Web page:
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Starbucks Case

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The Birth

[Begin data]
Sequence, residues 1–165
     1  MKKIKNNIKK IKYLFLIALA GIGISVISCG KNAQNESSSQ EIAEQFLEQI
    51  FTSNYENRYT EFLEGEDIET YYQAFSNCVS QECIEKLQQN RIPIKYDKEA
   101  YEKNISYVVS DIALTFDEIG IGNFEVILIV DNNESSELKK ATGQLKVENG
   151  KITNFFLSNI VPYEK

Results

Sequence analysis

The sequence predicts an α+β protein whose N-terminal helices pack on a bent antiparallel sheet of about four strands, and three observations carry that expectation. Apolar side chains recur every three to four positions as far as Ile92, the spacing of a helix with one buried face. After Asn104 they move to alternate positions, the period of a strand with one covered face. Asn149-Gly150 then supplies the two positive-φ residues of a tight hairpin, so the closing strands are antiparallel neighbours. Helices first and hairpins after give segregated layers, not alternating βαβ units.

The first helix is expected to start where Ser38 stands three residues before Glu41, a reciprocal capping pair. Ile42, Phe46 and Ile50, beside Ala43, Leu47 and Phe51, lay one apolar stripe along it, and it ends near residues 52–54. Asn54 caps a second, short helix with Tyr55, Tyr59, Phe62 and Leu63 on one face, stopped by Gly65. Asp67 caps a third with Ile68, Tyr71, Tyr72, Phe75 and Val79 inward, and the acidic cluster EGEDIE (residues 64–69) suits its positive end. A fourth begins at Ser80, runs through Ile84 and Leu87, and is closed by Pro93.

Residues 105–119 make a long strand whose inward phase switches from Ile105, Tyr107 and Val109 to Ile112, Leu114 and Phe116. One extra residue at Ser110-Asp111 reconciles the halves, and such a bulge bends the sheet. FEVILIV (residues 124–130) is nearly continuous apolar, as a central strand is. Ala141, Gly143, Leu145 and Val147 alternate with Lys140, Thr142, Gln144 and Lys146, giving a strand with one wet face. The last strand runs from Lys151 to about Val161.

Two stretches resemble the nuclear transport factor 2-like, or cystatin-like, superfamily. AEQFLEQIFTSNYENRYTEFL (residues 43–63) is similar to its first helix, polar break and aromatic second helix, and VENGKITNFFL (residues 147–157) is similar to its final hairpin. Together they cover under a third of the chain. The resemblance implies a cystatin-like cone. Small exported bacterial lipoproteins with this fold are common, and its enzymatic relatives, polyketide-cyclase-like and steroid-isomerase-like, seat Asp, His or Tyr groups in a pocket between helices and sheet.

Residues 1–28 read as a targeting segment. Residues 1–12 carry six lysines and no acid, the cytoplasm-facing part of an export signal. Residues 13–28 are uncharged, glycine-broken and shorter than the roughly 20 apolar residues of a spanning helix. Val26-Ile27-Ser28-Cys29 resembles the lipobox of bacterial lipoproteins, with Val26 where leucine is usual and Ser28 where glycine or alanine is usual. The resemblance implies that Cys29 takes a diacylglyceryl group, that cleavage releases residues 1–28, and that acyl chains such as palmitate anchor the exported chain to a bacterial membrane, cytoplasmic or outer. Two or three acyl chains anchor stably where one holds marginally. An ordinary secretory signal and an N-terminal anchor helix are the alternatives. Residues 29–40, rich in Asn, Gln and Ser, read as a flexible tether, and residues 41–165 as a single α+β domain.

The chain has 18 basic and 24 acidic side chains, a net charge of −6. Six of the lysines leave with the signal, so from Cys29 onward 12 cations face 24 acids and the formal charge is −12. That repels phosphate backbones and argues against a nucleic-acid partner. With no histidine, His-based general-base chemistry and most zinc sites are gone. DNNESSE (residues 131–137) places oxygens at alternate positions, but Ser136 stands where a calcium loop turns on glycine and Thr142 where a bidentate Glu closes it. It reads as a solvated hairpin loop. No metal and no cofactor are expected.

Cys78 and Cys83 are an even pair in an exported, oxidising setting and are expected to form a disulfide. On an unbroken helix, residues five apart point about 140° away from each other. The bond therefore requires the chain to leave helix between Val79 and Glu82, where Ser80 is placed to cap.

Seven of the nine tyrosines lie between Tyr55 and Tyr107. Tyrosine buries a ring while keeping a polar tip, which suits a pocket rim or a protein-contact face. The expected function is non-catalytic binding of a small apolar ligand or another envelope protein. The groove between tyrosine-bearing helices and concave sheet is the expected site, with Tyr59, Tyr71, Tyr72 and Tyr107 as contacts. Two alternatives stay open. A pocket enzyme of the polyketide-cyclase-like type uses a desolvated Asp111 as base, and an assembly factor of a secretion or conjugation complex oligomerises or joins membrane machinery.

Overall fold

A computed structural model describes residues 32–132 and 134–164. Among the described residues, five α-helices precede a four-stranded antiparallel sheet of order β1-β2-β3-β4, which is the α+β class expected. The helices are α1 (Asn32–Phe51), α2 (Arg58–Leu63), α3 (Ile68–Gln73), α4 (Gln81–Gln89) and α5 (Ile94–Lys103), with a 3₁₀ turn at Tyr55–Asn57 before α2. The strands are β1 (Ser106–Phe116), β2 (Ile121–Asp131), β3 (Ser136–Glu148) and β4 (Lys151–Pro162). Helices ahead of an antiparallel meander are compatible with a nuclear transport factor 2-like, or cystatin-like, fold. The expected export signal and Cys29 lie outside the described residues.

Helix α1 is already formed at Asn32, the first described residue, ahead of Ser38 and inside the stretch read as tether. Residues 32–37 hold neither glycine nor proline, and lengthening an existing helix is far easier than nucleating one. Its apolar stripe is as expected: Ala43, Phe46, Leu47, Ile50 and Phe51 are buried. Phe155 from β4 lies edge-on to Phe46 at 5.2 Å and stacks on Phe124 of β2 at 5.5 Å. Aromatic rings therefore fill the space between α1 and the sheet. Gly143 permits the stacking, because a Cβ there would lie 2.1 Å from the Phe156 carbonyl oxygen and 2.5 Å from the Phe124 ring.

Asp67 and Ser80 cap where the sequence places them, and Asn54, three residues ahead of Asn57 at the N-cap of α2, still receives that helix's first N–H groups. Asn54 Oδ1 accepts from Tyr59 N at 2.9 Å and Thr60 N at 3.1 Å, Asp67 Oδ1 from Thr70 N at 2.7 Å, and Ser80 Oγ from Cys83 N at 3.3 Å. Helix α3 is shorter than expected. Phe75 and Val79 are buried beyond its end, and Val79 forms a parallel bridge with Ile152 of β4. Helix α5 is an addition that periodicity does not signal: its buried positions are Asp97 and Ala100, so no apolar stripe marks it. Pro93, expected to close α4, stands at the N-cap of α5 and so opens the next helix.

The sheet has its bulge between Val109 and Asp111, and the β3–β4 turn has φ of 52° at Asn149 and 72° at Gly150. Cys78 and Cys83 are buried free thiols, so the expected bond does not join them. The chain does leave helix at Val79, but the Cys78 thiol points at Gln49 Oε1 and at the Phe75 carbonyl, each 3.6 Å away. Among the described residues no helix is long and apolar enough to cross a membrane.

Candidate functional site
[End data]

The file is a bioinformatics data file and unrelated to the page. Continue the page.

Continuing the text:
From the very beginning Starbucks was modeled on European coffee bars and conceptualized to be the ‘Third Place’ between home and office. To achieve this goal Schultz had focused on developing a coffee culture. Everything revolved around the high quality coffee which was controlled from the time it was harvested till it was consumed. Quality is everything for Starbucks, because coffee is such a perishable commodity the company knew that it was very vulnerable if its quality was compromised. This tight end-to-end control was the hallmark of Starbucks in its early days. They operated over 100 stores which were company owned and spent a great deal of time training employees. Schultz believed that employee happiness was paramount to the success of the company. To that end Starbucks offered medical insurance to all its employees even with the majority being part-time. These initiatives created a sense of ownership amongst the employees and this positivity trickled down to the customers. In the process of developing a coffee culture Schultz realized that the customer experience was as important as the end product. Roasting and grinding the beans in the store, creating coffee made to order, all of this created a kind of spectacle and consumers responded very favourably. To better reflect the European coffee bars on which it was modeled, each Starbucks location was designed to make customers stay and consume their beverage on site. Comfy seating arranged in a living room type setting, smooth ambient music, everything in the layout of the stores was not left to chance and was designed to magnify the Starbucks experience. In those early days Starbucks was a very lean organisation with a very limited product offering. Schultz by his own admission was trying to create coffee connoisseurs out of every customer that walked into the stores. This high degree of control,...

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